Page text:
Dear Readers: Last week, we discussed diets to combat high cholesterol levels. Another avenue to improve your lipid panel is the use of supplements. Patients sometimes choose supplements because they are less expensive than medication, or they cannot tolerate a particular drug’s side effects.
Citrus bergamia, the bergamot orange, is a fragrant citrus fruit. It is yellow or orange, depending on its ripeness. The fruit originated in Southeast Asia but was named for Bergamo, Italy, where it first gained popularity.
In a review of twelve studies, bergamot was associated with a significant decrease in total cholesterol (TC) and low-density lipoprotein (LDL), or bad cholesterol. The reduction in TC varied from 12% to 31%, and the decline in LDL was as much as 41%. The authors pointed out that the studies had limited scientific quality (1).
In a randomized, double-blind, placebo-controlled study of 237 participants, 1000 mg of bergamot per day for three months led to a 31% decrease in TC and a 39% decline in LDL (2).
In the past, some have used red yeast rice as an aid in high cholesterol. This grain gets its bright red color from being fermented with the mold Monascus purpureus. As early as 800 AD, red yeast rice was used in Chinese medicine to invigorate the body, aid in digestion, and revitalize the blood. This supplement contains monacolin K, the ingredient that lowers cholesterol. It was discovered that lovastatin (the drug Mevacor®) and monacolin K are identical. In 1998 the FDA banned the sale of supplements containing monacolin K. This came down to a legal issue since Merck, the maker of Mevacor®, owned the patent on lovastatin.
Niacin, or vitamin B3, has been used to increase HDL, or good cholesterol. Since HDL transports some LDL back to the liver for disposal, LDL levels diminish, and total cholesterol is lowered. However, recent studies have discovered the niacin method is not associated with lower rates of heart attack, stroke, or death. For this reason, many practitioners have stopped using the vitamin to treat high cholesterol.
Garlic is an inexpensive way to treat high cholesterol, but is it effective? Studies are mixed. A study using a mixture of fresh garlic and lemon juice showed an impressive 41-point decline in TC and a 30-point decrease in LDL. The study consisted of 112 volunteers and lasted eight weeks (3).
In another well-designed study conducted at Stanford University, garlic did not have any effect on cholesterol levels. The results were published in the Archives of Internal Medicine. In this six-month study, 192 patients who had elevated LDL levels were given a sandwich or supplements with the equivalent of 4 grams of garlic per day. Participants were closely monitored to make sure they didn’t gain or lose weight, affecting cholesterol levels. At the end of six months, LDL levels were unchanged. Senior author Christopher Gardner, PhD, assistant professor of medicine at the Stanford Research Center, said, “If garlic was going to work, in one form or another, then it would have worked in our study. The lack of effect was compelling and clear (4).”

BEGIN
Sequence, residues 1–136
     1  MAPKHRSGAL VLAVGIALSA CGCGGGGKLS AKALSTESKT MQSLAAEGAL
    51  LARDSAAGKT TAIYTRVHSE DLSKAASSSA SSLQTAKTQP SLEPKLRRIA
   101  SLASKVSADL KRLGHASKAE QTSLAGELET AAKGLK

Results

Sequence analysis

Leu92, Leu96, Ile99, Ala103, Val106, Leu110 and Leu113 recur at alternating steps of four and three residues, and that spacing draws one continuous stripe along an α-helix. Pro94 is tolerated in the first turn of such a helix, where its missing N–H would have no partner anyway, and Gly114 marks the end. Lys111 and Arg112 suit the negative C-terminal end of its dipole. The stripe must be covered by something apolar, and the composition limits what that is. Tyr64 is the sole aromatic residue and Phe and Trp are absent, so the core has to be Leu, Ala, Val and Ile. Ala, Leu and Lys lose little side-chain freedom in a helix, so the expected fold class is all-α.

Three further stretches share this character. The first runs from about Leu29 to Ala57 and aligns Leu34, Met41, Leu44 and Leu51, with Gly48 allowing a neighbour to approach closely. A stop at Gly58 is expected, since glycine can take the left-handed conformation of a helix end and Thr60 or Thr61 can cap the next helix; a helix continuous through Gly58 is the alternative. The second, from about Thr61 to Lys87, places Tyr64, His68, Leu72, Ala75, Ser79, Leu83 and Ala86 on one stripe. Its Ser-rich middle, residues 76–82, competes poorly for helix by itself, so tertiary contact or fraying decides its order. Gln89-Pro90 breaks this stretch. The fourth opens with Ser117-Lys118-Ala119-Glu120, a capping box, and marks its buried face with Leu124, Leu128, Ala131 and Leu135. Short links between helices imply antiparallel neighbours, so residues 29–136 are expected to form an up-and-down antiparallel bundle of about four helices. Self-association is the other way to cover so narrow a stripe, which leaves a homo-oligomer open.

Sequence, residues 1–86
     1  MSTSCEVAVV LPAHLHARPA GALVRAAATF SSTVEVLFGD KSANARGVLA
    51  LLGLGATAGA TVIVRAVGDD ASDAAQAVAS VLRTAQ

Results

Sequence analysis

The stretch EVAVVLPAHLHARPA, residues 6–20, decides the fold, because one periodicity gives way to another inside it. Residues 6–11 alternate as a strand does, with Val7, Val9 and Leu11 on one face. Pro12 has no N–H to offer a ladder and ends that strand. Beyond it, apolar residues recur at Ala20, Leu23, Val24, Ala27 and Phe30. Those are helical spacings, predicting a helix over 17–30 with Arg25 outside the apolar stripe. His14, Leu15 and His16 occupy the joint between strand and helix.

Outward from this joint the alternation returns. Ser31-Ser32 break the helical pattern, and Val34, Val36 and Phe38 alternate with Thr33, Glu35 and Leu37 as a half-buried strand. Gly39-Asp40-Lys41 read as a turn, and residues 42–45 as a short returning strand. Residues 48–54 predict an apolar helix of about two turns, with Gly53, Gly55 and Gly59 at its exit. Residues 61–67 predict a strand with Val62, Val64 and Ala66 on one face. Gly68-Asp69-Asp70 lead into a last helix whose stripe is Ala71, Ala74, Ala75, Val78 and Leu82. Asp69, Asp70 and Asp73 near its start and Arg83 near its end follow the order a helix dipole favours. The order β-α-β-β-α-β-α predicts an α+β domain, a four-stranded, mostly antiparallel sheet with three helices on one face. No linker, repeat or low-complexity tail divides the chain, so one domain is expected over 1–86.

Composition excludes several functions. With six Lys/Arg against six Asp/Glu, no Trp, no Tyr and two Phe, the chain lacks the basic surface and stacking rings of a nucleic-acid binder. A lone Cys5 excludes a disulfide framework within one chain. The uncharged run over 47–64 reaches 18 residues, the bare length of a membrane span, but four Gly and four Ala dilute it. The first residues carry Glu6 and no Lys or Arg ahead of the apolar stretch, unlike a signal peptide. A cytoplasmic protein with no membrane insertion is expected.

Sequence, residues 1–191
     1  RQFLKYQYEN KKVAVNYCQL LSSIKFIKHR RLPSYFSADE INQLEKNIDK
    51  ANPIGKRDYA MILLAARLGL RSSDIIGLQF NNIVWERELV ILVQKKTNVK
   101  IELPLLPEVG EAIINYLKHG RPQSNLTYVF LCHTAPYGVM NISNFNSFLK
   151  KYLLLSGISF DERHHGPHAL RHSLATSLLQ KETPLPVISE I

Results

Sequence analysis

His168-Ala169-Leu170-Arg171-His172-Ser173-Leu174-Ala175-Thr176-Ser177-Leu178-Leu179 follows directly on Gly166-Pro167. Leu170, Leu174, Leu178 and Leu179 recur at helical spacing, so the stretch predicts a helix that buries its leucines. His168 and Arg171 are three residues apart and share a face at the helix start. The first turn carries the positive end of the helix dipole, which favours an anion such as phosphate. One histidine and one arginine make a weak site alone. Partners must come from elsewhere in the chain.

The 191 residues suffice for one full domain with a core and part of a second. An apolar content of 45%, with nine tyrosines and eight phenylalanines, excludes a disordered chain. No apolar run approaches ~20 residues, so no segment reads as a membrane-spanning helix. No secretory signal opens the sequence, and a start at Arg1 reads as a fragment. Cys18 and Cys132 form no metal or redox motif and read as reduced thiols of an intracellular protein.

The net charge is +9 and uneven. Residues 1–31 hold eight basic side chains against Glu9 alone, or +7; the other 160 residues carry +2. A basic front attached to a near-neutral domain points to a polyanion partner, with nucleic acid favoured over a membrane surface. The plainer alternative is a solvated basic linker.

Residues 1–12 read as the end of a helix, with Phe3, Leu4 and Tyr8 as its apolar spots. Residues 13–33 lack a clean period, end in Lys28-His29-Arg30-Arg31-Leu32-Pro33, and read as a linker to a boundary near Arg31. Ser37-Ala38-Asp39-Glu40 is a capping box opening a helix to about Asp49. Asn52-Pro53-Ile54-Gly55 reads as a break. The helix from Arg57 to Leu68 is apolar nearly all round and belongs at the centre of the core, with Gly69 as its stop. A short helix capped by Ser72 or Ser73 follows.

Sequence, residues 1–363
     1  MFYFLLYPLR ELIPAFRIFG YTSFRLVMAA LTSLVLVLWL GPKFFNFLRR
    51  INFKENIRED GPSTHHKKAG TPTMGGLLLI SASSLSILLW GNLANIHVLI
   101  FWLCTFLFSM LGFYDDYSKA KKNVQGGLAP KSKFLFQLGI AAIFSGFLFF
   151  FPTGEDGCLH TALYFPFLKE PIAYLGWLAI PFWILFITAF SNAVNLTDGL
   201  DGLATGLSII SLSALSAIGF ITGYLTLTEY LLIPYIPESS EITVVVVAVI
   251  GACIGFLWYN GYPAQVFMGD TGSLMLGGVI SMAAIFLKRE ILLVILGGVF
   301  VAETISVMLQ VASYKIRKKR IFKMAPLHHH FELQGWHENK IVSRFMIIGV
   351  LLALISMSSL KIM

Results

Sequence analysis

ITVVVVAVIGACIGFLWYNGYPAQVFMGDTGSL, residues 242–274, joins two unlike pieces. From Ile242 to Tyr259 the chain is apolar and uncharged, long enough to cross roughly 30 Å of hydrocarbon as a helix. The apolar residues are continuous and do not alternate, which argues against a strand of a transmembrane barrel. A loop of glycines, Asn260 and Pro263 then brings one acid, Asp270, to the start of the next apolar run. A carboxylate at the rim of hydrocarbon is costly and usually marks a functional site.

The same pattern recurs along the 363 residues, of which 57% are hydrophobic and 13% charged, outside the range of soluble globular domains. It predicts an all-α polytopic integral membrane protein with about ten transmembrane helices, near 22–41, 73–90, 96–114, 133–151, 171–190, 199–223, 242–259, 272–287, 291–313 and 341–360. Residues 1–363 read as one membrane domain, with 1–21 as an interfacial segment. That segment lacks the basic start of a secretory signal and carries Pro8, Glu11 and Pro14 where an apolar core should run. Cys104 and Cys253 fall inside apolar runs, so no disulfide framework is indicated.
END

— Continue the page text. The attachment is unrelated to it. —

If you have high cholesterol, talk to your doctor before adding a supplement to your medicine cabinet. Supplements may produce side effects and can interact with other medications.
Until next time, be healthy!
1. Itziar Lamiquiz-Moneo, Jaume Gine-Gonzales, Sonsoles Alisente, Ana M. bea, Sofia Peres-Calahorra, Victoria Marco-Benedi. Effect of bergamot on lipid profile in humans: a systematic review. Critical Reviews in Food Science and Nutrition 2020 60 (18): 3133-3143. doi: 10.1080/10408398.2019.1677554
2. Yong Cai, Guoqiang Xing, Tian Shen, Shuxian Zhang, Jianyu Rao, Rong Shi. Effects of 12-week supplementation of Citrus bergamia extracts-based formulation CitriCholess on cholesterol and dyslipidemia: a randomized, double-blind, placebo-controlled trial. Lipids Health Dis. 2017; 16: 251. Published online 2017 Dec 22. doi: 10.1186/s12944-017-0640-1.
3. Negar Aslani, Mohammad Hasan Entezari, Gholamreza Askari, Zahra Maghsoudi, Mohammad Reza Maracy. Effect of garlic and lemon juice mixture on lipid profile and some cardiovascular risk factors in people 30-60 years old with moderate hyperlipidaemia: a randomized clinical trial. Int J Prev Med. 2016; 7:95. Published online 2016 Jul 20. doi: 10.4103/2008-7802.187248.
4. Stanford study drives stake through claims that garlic lowers cholesterol levels (2007 Feb 26) Stanford Medicine News Center. https://med.stanford.edu/news/all-news/2007/02/stanford-study-drives-stake-through-claims-that-garlic-lowers-cholesterol-levels.html
Leanne McCrate is an award-winning dietitian based in Missouri. Her mission is to educate the public on sound, evidence-based nutrition. Do you have a nutrition question? Email her at [email protected]